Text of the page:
China and Inner Asia
Session Abstract: Gua! Cucurbitaceae comprise a humble yet vast plant family—melons, pumpkins, bitter melons, cucumbers, squash, zucchini, loofah, gourds. This panel draws attention to the versatility and ubiquity of gua not just as agricultural products, but also as symbols of cultural and political meaning. Four slices from modern China: Nicolai Volland opens up the history of an intellectual club in 1930s Shanghai that styled itself the Watermelon Society. Volland argues that the fruit served as a symbol of public conviviality, which extended intellectual conversation beyond rarified spaces—a democratic ethos of fruitful exchanges. Christopher Rea identifies time as a recurring motif in the use of gua/cucurbit metaphors. In literature, film, visual, and political culture, melons are ubiquitous as a symbol that the time is ripe for action, or as an image of a future cultivated to its full potential. Geremie Barmé brings us into the gardens of power, showing how Xi Jinping’s political symbolism draws on both Qing imperial and Maoist heritages, from the Kangxi Emperor’s melon patch to Mao’s study. In the twenty-first century, Xi projects an insidious vision of ruling as a process of cultivating and harvesting people and data alike. Shaoling Ma shows how cucumbers and watermelons bridge the rural-urban divide on the video-sharing website iXigua (Love Watermelon). Focusing on the archives of two countryside female vlogging celebrities, Ma discusses how melons function not just as object or image, but also as a digital platform for the “masses of melon-seed eaters” (chi gua qunzhong), that is, voyeurs.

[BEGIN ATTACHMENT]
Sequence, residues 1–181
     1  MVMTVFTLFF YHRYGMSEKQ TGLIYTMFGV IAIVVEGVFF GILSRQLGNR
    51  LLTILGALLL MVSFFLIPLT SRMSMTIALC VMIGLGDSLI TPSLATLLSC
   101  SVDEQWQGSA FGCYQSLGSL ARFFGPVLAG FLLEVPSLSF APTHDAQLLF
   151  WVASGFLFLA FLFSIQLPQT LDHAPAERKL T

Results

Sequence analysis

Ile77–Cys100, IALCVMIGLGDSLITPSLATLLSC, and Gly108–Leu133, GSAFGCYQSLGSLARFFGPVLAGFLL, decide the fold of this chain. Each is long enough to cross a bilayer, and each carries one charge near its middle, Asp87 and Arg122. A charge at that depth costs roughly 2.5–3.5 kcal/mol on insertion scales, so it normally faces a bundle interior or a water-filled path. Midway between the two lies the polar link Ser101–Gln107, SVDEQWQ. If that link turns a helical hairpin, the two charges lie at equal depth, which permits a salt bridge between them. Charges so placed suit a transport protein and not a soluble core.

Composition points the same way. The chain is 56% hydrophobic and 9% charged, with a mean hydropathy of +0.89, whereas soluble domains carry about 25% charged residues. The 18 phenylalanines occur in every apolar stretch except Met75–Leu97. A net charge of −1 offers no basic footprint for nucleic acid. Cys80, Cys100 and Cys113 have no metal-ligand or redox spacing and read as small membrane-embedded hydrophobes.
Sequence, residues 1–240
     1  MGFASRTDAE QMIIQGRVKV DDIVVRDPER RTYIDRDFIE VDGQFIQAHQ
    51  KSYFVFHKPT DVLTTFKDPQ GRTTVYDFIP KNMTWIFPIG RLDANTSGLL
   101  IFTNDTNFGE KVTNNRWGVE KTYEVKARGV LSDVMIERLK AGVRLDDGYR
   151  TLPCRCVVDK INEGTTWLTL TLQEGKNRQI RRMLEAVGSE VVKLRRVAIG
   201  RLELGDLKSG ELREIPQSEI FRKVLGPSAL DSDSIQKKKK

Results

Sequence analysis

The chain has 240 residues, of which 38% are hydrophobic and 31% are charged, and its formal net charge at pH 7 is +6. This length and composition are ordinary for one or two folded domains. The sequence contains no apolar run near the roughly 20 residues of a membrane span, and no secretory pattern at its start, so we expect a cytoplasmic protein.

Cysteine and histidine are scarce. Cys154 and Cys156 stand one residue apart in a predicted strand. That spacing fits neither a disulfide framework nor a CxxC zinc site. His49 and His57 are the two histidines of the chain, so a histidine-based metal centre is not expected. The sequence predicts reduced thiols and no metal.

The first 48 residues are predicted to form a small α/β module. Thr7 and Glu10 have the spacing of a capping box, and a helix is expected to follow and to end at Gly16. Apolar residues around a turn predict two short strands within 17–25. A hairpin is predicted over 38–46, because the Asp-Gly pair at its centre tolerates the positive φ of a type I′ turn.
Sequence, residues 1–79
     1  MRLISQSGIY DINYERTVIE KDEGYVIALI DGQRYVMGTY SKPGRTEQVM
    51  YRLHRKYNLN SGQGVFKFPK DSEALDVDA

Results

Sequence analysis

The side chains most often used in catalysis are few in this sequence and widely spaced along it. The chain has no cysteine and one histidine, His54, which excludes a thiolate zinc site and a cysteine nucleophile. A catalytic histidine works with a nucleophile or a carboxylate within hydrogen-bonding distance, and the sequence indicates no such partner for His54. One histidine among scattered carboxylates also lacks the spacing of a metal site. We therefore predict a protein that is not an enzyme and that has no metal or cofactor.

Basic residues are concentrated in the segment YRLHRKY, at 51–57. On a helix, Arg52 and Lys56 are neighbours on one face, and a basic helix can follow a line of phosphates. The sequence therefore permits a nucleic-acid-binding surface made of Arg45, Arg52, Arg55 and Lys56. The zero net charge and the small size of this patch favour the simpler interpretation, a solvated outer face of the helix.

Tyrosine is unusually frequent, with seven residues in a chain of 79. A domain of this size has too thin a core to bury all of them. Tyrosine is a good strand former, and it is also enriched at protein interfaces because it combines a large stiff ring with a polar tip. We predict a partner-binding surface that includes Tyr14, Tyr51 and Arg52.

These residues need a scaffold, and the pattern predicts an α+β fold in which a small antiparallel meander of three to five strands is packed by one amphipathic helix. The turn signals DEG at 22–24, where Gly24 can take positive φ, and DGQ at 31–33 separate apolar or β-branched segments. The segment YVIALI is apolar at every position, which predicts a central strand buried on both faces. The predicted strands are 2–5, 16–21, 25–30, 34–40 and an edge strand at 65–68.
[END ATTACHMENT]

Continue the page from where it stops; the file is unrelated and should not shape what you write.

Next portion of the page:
Paper Presenter: Christopher G. Rea – University of British Columbia
Paper Presenter: Nicolai Volland – The Pennsylvania State University
Paper Presenter: Geremie R. Barme – Asia Society
Paper Presenter: Shaoling Ma – Yale-NUS College